NFL kicker joins family in hosting Camp Crosby
A bus from the Boys and Girls Club dropped off fifty kids at Southwestern University for Camp Crosby on a sunny Saturday morning in July 2013. They joined a stream of other children, all eager to get a picture with the host of the sports event, Mason Crosby, NFL kicker for the Green Bay Packers.
After posing with 150 children, Mason’s smile “was pretty much frozen” in place, he recalls. “Last year  was our inaugural year for Camp Crosby. We didn’t really start small.”
The camp is hosted by the Crosby family, Georgetown residents for twenty-five years, to raise community support and awareness for The Locker, a service-learning foundation that assists at-risk kids.
“It’s on my heart to help kids,” Mason says. “I do that a lot in Green Bay and am involved with a lot of different things there. When I come back home, here in Georgetown, I feel like there shouldn’t be a kid who doesn’t have the things they need if we can help facilitate providing it for them. I feel that heavy on my heart all the time.”
The entire Crosby family helps run the camp, including Mason’s parents, Jim and Karen, and siblings, Ashley and Rees, and their spouses.
The Crosbys see their involvement in the free camp and the promotion of The Locker as an important way for their family to share a common mission to give back to the community together.
“I feel blessed and fortunate to play football and to have the opportunity do this,” Mason says. “I know in my heart that If I wasn’t playing football, I would be trying to do the same thing. It’s just a really good opportunity and a chance to be a part of the community I grew up in—that’s special.”
The Locker’s Inception and Impact
Karen Crosby helped to start what is today called The Locker in 2008, when Georgetown High School athletes asked her how they could learn to serve the community. Karen taught service-learning to Georgetown Alternative Program students. The GAP students had begun to learn about a growing problem that few people in Georgetown were aware of: homeless students.
In 2007, 223 Georgetown teens fit the McKinney-Vento Homeless Education Assistance Act’s definition of “homeless,” according to the Georgetown Project 2007 Snapshot of Georgetown Children and Youth. “Homeless” is defined as “being without a consistent place to sleep at night.”
The GHS athletes chose to join the GAP students in tackling this problem. At The Locker’s inception, GHS students stocked a few shelves in Georgetown schools with various hygiene items that homeless classmates could anonymously claim as needed.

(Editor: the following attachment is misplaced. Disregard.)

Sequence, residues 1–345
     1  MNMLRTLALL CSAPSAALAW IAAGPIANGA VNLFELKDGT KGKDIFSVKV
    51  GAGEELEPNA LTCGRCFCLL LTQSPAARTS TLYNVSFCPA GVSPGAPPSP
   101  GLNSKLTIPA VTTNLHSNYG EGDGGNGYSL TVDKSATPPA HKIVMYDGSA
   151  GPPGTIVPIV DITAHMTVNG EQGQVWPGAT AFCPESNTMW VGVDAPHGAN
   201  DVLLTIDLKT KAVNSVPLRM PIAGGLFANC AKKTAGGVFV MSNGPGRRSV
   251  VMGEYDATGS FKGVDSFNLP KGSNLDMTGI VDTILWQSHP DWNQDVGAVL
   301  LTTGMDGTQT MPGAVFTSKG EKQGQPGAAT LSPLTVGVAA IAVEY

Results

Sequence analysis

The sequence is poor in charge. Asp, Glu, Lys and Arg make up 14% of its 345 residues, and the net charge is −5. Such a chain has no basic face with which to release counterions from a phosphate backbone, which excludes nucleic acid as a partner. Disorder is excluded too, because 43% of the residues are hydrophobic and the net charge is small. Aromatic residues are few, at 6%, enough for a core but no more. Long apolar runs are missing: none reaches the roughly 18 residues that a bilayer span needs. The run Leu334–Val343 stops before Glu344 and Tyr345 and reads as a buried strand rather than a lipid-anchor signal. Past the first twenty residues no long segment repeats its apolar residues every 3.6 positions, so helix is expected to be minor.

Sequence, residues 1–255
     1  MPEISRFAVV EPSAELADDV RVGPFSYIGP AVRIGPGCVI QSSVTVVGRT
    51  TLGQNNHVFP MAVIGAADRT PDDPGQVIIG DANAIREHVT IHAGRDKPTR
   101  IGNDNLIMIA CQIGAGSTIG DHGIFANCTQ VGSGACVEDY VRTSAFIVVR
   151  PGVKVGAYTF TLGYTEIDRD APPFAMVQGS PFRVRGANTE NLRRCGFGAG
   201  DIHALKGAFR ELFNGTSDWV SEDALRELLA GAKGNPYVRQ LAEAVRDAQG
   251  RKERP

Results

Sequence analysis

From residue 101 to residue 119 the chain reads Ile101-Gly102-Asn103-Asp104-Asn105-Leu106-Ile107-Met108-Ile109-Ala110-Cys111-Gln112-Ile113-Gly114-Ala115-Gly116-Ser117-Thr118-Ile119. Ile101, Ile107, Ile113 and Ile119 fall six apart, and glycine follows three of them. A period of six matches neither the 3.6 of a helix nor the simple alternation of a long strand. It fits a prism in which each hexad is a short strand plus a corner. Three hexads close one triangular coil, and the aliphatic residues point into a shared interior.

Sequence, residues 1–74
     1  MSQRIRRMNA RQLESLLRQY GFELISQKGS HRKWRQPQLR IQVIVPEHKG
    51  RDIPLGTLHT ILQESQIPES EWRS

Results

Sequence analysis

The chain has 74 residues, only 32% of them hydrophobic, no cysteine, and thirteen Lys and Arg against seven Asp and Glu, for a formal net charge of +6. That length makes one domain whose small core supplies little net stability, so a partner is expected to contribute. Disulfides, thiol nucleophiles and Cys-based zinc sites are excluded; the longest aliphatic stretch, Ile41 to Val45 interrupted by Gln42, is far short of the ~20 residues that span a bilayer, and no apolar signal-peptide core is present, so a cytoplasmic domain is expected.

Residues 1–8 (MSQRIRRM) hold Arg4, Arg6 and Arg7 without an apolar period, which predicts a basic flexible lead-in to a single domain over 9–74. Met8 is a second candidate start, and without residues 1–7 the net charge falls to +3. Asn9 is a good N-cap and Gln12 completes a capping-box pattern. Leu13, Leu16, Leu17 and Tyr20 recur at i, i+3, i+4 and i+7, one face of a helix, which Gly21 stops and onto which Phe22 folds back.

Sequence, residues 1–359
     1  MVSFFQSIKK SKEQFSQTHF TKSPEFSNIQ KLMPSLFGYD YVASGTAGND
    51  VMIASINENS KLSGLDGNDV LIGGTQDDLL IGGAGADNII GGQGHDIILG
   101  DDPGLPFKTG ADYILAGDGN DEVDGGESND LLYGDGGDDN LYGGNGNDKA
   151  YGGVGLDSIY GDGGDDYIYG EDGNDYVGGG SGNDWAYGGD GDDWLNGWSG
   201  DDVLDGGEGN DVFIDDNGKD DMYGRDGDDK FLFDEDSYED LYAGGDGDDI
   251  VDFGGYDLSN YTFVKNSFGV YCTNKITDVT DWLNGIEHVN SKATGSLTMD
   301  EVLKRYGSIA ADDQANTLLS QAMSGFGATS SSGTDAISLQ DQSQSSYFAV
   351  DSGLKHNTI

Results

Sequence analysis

Over the subsequent eight years, The Locker has moved beyond meeting only simple hygiene needs. Any economically disadvantaged student can request financial help, on a case-by-case basis, for necessary school supplies and personal items as well as for other items they cannot afford, such as work uniforms, athletic gear, beds, and travel expenses for out-of-town competitions.
“We’re trying, in a sense, to help give high school kids dignity and normalcy,” Mason says. “That can sometimes be the hardest thing to give.”
Camp Crosby: Weekend of Community Fun
Camp Crosby is a three-day event consisting of opening festivities, a kicking camp, and a multi-sports camp. The camp kicks off on Thursday night with a tailgate party for adults, to be held at the Community Center this year. Last year, a local TV station hosted its sports broadcast from the event, which included raffle and auction items, including Super Bowl memorabilia donated by Mason.
On Friday morning, Mason runs a kicking camp at GISD stadium for middle school and high school boys from all over the state. The entry fee is a $100 donation to The Locker. This year, Green Bay punter Tim Masthay and long snapper Brett Goode will join Mason at the camp to help kids build skills and work on conditioning.
“Those kids who come to kick, we talk to them about The Locker and ask them what they’re doing in their schools,” Karen says.
The weekend culminates in a free fitness camp for first- through fifth-grade kids on Saturday morning. Kids rotate through stations run by athletes from Southwestern and Georgetown and East View high schools to learn about various sports, including lacrosse, soccer, basketball, and, of course, football.
“Southwestern has been so gracious to open their doors and give us their fields and facilities to use,” Mason says. “We couldn’t have done it without them.”
All kids who participate in the fitness camp will receive a Green Bay Packers wrist band, a t-shirt with The Locker’s logo, and a framed photo of themselves with Mason, courtesy of a grant from the NFL, which also covers a portion of the cost to help keep the camp free.
“There are so many people who give unselfishly just to help for this event,” Mason says. “It feels like a community deal. It’s called Camp Crosby, but it feels like Camp Georgetown.”
Camp Crosby: July 10-12 2014
Tailgate Party Fundraiser
Help “Stock the Locker”
Georgetown Community Center
Thursday, July 10, 2014
6:00 p.m.–9:00 p.m.
$50 per person
Mason Crosby Kicking Camp
Kicking . . . Punting . . . Long Snapping
Personal Instruction by Green Bay Packers Specialists
Mason Crosby—Tim Matshay—Brett Goode
Southwestern University Football Fields
Friday, July 11, 2014
8:00 a.m.–12:00 noon
$100 donation to THE LOCKER
Conducted by GHS, EVHS and Southwestern Coaches and Athletes
Meet Mason Crosby and other Packers Teammates
Saturday, July 12, 2014
8:00 a.m.–12:00 noon
Must be registered to attend all events.
For more information and to register online go to www.thelocker.info.